Originally Posted by

**Revy** I'm trying to integrate $\displaystyle \int\frac{\ln(x+\sqrt{1+x^2})}{\sqrt{1+x^2}} dx$

I start with

$\displaystyle u = \ln(x+\sqrt{1+x^2})$

$\displaystyle \frac{du}{dx}=\frac{1}{x}(1+\frac{x}{\sqrt{1+x^2}} )=\frac{1}{x}+\frac{1}{\sqrt{1+x^2}}$

Can I do like this? $\displaystyle \ln{x} + \ln{\sqrt{1+x^2}}=\ln(x+\sqrt{1+x^2})$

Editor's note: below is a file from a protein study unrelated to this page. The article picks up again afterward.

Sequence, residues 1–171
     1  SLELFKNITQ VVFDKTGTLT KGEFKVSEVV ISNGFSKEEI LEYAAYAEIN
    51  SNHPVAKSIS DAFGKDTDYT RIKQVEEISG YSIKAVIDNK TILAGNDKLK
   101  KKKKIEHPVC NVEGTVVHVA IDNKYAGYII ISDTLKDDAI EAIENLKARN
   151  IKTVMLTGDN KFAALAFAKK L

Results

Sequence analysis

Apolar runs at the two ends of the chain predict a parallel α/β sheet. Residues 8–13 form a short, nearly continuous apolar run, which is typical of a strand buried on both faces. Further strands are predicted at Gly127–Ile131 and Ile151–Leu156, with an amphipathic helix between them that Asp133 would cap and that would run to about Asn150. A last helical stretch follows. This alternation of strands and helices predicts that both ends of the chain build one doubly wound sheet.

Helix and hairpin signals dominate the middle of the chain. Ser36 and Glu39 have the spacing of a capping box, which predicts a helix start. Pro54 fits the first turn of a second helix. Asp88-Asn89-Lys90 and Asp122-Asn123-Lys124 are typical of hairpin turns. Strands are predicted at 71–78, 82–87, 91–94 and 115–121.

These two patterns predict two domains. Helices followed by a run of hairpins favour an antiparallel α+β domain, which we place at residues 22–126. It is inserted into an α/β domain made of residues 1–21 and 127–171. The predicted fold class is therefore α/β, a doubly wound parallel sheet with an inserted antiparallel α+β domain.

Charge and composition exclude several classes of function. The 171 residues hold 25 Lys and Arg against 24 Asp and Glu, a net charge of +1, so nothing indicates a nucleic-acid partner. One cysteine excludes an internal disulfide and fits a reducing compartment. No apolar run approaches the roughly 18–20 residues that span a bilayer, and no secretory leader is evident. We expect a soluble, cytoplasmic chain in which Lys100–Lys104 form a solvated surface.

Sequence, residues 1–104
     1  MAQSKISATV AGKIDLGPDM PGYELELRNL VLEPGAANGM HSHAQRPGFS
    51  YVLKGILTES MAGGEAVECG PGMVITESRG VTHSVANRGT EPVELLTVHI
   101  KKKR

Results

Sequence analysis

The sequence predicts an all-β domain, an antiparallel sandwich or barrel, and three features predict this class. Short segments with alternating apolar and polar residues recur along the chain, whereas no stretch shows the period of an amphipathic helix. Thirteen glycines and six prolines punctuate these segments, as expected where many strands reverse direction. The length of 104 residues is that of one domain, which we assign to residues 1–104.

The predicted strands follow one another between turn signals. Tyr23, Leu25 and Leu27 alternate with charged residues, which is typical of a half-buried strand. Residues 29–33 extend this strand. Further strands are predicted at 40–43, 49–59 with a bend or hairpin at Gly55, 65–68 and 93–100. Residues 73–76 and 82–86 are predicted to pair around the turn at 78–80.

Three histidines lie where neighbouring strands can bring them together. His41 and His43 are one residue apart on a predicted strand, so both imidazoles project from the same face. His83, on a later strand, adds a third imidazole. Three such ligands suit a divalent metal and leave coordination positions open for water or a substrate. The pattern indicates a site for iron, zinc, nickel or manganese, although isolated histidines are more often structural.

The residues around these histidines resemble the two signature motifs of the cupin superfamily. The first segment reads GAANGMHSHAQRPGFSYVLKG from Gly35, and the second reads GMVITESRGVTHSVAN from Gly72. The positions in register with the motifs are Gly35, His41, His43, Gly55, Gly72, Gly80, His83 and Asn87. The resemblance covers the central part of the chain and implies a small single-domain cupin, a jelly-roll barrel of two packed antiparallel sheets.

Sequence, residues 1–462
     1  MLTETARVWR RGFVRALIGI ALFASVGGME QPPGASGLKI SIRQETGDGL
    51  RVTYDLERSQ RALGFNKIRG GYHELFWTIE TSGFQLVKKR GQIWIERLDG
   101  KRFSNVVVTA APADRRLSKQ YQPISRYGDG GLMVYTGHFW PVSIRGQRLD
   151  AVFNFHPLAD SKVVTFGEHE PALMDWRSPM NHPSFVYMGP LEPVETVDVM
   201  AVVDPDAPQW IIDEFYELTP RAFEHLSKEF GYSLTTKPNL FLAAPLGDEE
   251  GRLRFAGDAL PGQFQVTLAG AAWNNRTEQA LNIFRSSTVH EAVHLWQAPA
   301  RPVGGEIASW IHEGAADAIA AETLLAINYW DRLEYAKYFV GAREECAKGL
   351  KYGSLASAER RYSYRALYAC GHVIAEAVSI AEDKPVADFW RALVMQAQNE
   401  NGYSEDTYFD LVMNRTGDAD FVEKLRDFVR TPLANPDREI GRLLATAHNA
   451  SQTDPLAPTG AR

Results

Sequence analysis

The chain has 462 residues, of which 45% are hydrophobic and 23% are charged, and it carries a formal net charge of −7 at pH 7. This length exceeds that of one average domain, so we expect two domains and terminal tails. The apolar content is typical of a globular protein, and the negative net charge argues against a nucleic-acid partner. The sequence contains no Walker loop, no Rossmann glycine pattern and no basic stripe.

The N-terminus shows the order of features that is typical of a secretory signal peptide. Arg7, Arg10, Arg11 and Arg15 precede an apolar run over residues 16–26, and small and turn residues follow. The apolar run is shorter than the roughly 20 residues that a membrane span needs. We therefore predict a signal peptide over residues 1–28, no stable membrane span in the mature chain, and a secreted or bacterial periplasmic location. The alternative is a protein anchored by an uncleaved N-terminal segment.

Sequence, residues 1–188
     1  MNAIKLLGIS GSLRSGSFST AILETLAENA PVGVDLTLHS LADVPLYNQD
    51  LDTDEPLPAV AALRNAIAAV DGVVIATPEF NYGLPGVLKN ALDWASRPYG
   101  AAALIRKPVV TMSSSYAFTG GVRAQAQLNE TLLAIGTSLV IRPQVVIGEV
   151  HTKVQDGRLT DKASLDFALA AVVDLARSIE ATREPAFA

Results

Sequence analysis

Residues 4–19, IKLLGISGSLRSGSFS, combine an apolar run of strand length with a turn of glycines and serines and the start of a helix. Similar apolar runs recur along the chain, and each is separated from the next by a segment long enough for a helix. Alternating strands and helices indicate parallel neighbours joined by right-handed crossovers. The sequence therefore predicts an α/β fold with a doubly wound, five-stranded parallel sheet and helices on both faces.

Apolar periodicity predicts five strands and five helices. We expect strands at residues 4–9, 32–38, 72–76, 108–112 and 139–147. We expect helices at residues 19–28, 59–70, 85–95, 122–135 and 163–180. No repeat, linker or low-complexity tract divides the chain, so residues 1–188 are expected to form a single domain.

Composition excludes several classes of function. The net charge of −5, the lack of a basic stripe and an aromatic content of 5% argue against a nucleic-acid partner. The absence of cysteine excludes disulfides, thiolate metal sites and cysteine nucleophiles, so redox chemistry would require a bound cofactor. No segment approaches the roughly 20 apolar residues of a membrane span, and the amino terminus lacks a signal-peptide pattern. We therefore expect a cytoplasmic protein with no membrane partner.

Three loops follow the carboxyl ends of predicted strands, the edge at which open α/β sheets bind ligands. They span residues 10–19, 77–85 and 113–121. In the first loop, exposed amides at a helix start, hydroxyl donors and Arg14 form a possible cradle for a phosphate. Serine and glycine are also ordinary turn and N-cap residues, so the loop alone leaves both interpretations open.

if so, then do I continue like this? $\displaystyle \int{2u} du= u^2$

Hm... and I noticed that I rewrited $\displaystyle \ln$ backward xD omg, can anyone help me out here?